James K. Beilby and Paul Rhodes Eddy, eds., The Historical Jesus: Five Views (Downers Grove, IL: InterVarsity Press, 2009) 312 pages
Reviewed by Dr. Martin William Mittelstadt, Associate Professor of New Testament, Evangel University, Springfield, Missouri
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In the mid-eighteenth century, Hermann Samuel Reimarus challenged orthodox Christianity by proposing that the real Jesus of history was a wanna-be messiah intent on a military campaign and an ensuing earthly kingdom. According to Reimarus, the untimely arrest and crucifixion of Jesus meant only short-term failure; Jesus’ disciples stole the body, fabricated a resurrection story, and created a salvific doctrine based upon Jesus as suffering savior of all humanity. Reimarus produced one of the earliest minimalist approaches to the reliability of the Gospels.
In concert with the adage, “there’s nothing new under the sun,” contemporary scholars continue to seek the evasive historical Jesus in both academic and ecclesial contexts. The collection of authors featured in the volume serve as various proponents in what is now deemed as the “third quest,” the most recent attempt to discern what can be known of Jesus’ life and message.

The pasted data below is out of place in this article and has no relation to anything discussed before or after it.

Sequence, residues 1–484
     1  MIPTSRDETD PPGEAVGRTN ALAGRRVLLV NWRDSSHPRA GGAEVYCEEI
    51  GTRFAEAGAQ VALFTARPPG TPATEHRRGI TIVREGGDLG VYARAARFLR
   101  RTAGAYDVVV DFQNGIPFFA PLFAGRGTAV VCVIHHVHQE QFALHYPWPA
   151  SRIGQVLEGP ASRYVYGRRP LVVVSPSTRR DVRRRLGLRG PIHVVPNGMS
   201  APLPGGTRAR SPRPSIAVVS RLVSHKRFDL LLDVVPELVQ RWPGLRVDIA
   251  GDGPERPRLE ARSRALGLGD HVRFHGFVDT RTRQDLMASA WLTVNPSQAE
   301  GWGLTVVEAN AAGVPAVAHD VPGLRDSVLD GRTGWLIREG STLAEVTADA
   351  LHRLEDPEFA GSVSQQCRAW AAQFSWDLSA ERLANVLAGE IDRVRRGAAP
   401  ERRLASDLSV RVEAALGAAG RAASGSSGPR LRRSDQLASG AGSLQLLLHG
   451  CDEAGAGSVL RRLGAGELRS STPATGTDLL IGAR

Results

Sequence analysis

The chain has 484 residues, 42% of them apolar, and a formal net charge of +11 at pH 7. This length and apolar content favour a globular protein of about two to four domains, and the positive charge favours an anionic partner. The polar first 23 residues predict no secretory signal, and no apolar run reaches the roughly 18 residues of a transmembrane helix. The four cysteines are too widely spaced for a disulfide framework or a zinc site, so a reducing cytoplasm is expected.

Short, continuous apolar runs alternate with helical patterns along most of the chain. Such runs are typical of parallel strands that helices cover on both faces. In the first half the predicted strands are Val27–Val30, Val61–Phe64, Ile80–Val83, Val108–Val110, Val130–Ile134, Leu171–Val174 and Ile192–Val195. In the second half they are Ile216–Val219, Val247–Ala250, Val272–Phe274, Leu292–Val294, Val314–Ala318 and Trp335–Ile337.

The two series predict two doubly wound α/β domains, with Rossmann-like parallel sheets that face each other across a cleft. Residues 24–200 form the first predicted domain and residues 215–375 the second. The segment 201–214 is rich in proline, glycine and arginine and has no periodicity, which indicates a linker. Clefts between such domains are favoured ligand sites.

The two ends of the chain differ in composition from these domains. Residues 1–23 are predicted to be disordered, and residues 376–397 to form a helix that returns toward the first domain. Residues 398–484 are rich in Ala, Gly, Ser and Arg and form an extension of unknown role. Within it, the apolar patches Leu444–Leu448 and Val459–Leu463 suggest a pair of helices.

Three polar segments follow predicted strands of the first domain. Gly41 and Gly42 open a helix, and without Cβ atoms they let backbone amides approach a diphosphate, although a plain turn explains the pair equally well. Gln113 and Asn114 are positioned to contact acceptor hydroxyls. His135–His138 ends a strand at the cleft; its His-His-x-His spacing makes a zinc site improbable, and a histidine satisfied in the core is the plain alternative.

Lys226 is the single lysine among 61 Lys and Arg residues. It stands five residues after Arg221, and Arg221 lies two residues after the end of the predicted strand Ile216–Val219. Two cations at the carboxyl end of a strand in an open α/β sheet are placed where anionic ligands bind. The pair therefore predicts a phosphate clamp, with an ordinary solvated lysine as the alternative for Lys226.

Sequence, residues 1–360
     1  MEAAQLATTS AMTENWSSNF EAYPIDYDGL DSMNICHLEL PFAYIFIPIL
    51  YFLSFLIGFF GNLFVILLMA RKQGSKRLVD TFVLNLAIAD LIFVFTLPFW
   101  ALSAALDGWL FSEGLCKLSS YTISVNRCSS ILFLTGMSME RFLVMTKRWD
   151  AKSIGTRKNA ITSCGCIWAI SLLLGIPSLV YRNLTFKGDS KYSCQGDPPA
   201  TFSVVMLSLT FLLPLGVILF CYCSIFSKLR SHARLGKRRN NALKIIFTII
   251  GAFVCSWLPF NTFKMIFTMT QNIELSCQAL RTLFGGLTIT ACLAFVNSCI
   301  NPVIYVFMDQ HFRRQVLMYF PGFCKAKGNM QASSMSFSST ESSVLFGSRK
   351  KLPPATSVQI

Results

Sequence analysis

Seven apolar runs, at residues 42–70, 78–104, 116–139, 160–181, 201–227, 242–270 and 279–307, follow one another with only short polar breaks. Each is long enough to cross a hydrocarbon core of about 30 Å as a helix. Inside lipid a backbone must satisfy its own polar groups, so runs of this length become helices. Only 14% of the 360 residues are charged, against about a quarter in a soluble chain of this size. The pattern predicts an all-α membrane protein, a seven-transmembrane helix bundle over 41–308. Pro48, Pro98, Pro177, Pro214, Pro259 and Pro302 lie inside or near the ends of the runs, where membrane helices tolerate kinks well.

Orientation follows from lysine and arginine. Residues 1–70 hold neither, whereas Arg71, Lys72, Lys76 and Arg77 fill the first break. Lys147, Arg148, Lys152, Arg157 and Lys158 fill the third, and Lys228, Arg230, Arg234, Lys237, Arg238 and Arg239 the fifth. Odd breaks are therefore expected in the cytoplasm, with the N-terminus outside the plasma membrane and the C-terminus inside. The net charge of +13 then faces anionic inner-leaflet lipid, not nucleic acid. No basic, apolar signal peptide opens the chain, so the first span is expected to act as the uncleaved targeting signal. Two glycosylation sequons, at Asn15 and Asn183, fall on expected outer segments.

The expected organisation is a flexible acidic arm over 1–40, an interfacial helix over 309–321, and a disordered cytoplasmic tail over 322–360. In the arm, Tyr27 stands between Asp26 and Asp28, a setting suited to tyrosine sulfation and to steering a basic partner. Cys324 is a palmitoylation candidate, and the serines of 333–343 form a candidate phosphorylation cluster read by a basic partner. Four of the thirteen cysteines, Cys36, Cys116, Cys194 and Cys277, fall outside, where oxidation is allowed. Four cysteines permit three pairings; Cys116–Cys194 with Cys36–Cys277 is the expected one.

James K. Beilby and Paul Rhodes Eddy set up the discussion with a stellar introductory essay on the history of the Jesus quest. They begin with the first, now “old” quest (1776-1906), generated between the work of Reimarus and the landmark survey of Albert Schweitzer, who surmises that Jesus was ultimately a failed apocalyptic prophet. Beilby and Eddy include synopses of this period produced by H. E. G. Paulus, D. F. Strauss, Ernest Renan, and William Wrede.
The second or “new” quest (1953-1970) includes the efforts of Ernst Käsemann, C. H. Dodd, Ernst Fuchs, Ferdinand Hahn, Norman Perrin, Edward Schillebeeckx, and James Robinson. During this period, historical critics found source and form criticism wanting and moved toward redaction criticism. Redaction critics turned authors of the Gospels into redactors, editors with specific literary and theological agendas. As a result, scholars envisioned a potentially new level of editorial fabrication, whereby the literary creativity of the Gospel writers trumps interest in a mere historical Jesus.